Emma Rice’s ‘Wuthering Heights’ – At Best Authentic, at Worst – a Farce ★★★

By Stevan Balac

Perhaps, after all, there are only so many ways to skin a cat. With a piece of English literature so iconic as Brontë’s Wuthering Heights, Emma Rice’s National Theatre production has certainly revived the classic gothic tale of forbidden love in an original way. The most striking thing about this particular adaptation – whilst it falls short of the current trend of setting classics in the modern day – is that it is in effect a modern musical. 

The audience is immediately greeted with the presence of a live band upstage left, as opposed to the orchestra pit, which does actually provide a chilling accompaniment to the eeriness of certain scenes, and a realness to the candle-light ballroom dancing scenes at the aristocratic Thrushcross Grange, whilst young Cathy and Heathcliff gaze wide-eyed through the windows from outside. Nonetheless, crossing the rubicon into performing actual songs – including at one point a bizarre punk rock solo of Catherine’s – does seem like a misstep. This really is the elephant in the room – and it’s difficult to detach from any other aspect of the performance because it continuously foils any moments of dramatic tension or emotional vulnerability that better resemble scenes in the book.

A great example is what appears in Chapter 5 of the novel when Cathy is taken ill after giving birth to a daughter, and Heathcliff – played with classical stoicism by Ash Hunter – sneaks into the Grange without Linton’s knowledge to visit her on what will soon become her deathbed. In the book, this is a wild, hallucinogenic moment which contains a flurry of emotional hysteria – a brief passionate embrace is quickly marred by the couple’s agonising realisation that Cathy has little time left with Heathcliff in the mortal world, and that they will not only have been deprived of each other in life, but the latter will be cursed to being left alone after her death. This was one scene that the production truly and, in my view, authentically captured – with Lucy Mcormick’s wild and slightly unhinged portrayal of Cathy being carried at head height around the stage by extras as Heathcliff remains standing, unable to reach her as she ascends ever further from the mortal world, and his company (Indeed, I would be a liar if I pretended I didn’t shed a tear at this scene – as I believe I did at its equivalent in the book).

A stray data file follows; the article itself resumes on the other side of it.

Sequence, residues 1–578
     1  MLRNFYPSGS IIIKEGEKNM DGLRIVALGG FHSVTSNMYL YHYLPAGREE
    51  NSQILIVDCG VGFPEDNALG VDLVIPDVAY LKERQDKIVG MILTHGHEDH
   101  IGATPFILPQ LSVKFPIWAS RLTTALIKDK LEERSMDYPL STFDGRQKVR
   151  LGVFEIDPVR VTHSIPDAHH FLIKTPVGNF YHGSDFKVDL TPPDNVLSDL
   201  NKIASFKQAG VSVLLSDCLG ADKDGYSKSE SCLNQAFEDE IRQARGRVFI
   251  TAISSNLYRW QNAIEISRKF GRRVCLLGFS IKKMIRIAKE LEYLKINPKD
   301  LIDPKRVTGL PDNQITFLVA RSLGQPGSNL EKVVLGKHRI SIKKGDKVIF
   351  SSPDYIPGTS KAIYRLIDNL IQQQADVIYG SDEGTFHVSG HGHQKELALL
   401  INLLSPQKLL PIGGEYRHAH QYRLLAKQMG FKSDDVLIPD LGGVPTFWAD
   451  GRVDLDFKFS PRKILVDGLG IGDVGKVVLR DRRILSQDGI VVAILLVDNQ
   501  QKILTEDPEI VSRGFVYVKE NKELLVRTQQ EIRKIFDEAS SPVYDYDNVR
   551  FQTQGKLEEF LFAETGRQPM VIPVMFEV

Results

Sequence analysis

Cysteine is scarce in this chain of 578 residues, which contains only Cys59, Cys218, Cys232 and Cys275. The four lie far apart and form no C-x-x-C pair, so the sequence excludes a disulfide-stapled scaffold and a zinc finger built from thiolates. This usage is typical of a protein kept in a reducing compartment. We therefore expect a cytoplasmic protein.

But even this, what would have been a magnificent way to end the first half at a moment of unresolving tragedy, was spoiled by another chorus featuring several cast members not present in the preceding scene. So too do they miss an opportunity with the famous ‘face at the window’ opening scene – which is supposed to set the tone for the gothic horror aspect of the story – but a slightly buffoon-like depiction of the co-narrator Lockwood, and the pace at which they rushed through the scene, felt like they wasted what could have been a true, Woman in Black style haunting jump scare for the audience. 

The play has moments of genuine humour – which I don’t think are out of place in a production of Wuthering Heights – but should be practised with restraint. Katy Owen’s portrayal of both Frances Earnshaw and Linton Heathcliff (stop me when it gets confusing) were great performances – and seemed to replace the tragedy of Linton as a sickly, abused child with a spoiled melodramatic weakling. Whilst these performances were indeed excellent, and exhibited a mastery of live physical comedy, I couldn’t help but think they again crossed a line into the farcical.

Rice’s latest production then, is not quite a modernist sacrilege to a classic – at its best it does retain the authenticity of the novel  – encapsulating that ravine between late 18th century romanticism and late Victorian gothic horror/mystery. Likewise, it reminds us that the spirit of the original story is timeless – with Hunter’s Heathcliff having a soft Carribean accent  bringing the allegory of outsiders and foreign-ness a modern twist (indeed, the racial aspect of Heathcliff is strongly hinted at in the 1847 original). But at its worst, it saps the intensity out of perfectly stand alone scenes and hazes over them with the superficiality of a musical – something which soon into the second half I was keen to retreat from, to the comfort of an overpriced glass of house white.

Tickets are still available to purchase for Wuthering Heights till the 18th March


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